Affordable prices (the majority of people live in these districts):

  • Teika
  • Jugla
  • Purvciems
  • Āgenskalns
  • Kalnciems
  • Sarkandaugava (right next to the expensive Mežaparks)
  • Maskavas forštate
St. Peter's Church in Riga Latvia
St. Peter’s Church in Riga, Latvia

On average, these are the “up to 30 minutes” bus ride from the city center to any of these districts.

You can easily find a good 2-room apartment for 300 EUR a month (excluding utilities). My boyfriend and I live in a modern, renovated (in the last 5 years), fully furnished 2-room apartment for 350 EUR in Teika. Our bus drive to city center is about 20 minutes; and we have a shopping center a mere 10-minute walk away.

But with a little bit of digging, you can definitely find cheaper options. However, at the moment, with market prices raised, I doubt you could find anything cheaper than 250EUR/per month, unless you want an apartment that you would need to put some work into, e.g., recolor the walls, buy your own furniture, etc.

Even more affordable (because they’re the furthest districts from city center, but no more than 40 min bus ride to the center)

  • Pļavnieki
  • Torņakalns
  • Ziepniekkalns
  • Imanta
  • Zolitūde
  • Bolderāja
  • Iļģuciems (however, if you’re studying in RSU, this is the perfect district as the university is located here)

As I mentioned earlier, the market prices aren’t the lowest currently, therefore, you probably won’t find a comfy apartment for less than 250 EUR/per month.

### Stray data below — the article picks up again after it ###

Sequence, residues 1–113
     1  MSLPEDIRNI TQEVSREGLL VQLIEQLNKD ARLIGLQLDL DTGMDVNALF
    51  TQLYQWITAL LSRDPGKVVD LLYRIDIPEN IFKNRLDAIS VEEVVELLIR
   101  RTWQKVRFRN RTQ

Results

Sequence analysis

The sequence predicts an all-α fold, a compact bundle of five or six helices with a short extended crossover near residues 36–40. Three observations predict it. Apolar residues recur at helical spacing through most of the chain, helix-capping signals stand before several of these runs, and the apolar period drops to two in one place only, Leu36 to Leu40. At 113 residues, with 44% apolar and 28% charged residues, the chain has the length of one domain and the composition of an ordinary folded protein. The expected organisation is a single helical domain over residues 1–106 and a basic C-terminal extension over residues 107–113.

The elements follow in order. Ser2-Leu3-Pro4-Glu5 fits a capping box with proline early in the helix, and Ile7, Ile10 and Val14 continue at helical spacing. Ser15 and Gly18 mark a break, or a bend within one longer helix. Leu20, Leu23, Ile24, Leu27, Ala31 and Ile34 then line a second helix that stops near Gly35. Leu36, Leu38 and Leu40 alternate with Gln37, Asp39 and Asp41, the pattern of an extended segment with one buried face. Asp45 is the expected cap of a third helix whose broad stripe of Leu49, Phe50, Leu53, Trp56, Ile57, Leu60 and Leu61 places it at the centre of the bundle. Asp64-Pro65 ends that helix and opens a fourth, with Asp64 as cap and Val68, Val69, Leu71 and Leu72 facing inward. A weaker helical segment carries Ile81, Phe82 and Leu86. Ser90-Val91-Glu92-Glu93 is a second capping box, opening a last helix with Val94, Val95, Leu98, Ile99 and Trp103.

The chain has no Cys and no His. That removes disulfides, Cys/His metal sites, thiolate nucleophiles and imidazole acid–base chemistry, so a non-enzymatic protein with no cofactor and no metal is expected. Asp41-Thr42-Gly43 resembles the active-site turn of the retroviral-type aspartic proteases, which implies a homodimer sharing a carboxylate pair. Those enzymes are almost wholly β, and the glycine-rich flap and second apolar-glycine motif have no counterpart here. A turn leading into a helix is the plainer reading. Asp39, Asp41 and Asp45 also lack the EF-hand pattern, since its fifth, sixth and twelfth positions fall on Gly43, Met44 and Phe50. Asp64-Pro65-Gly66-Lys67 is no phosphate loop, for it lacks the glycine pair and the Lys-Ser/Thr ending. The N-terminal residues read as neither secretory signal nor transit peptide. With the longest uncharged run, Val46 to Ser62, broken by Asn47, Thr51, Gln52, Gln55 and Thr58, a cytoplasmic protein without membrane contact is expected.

Central Market in Riga Latvia
Central Market in Riga

However, if you’re looking for the cheapest options, then these are definitely the districts to look at. Especially, Bolderaja, it’s the furthest from city center, but it has the sea next to it. However, locals also know this as a bit of a shady district. So, prices here will probably be the lowest in all of Riga.

Utilities (water, electric, internet, moblie phone, cable, etc.)

We loved living in Portugal; however, compared to Portugal, utilities are not that bad in Latvia. Since Portugal thinks it’s a hot country all year round, a lot of things run on electricity (at least our apartment) By the way, Portugal, install some radiators in your homes, you’re not a hot country all year round just because you’re next to Spain, and we lived in the very south part of Portugal, supposedly the warmest part.

Latvians enjoy either central heating or they heat up their home with a fireplace/furnace, which requires stocking up on wood in the summer.

But usually, in Riga you will see central heating.

You get one bill that will include heating, water (cold and hot), and trash. Electricity is a separate bill.

During the warm months (April – October), your total bill for heating and water will be around 50 – 80 EUR, depending on the amount of people living in an apartment and the amount of water used. During the cold months (November – March), your bill can go anywhere from 100 to 150 EUR (due to central heating).

Electricity is paid separately. If you have a water boiler, then the hot water amount will cost you more (as it was the case for us in Portugal – but it was the only way to stay warm in an otherwise cold apartment). We are 2 people and we pay around 20 EUR a month for electricity, it would probably be more during the winter months, as you use more lights around the house during darker months.

So, for example, we are two people in a 2-room apartment paying around 70-80 EUR a month during the warm months and around 120 EUR during the winter months.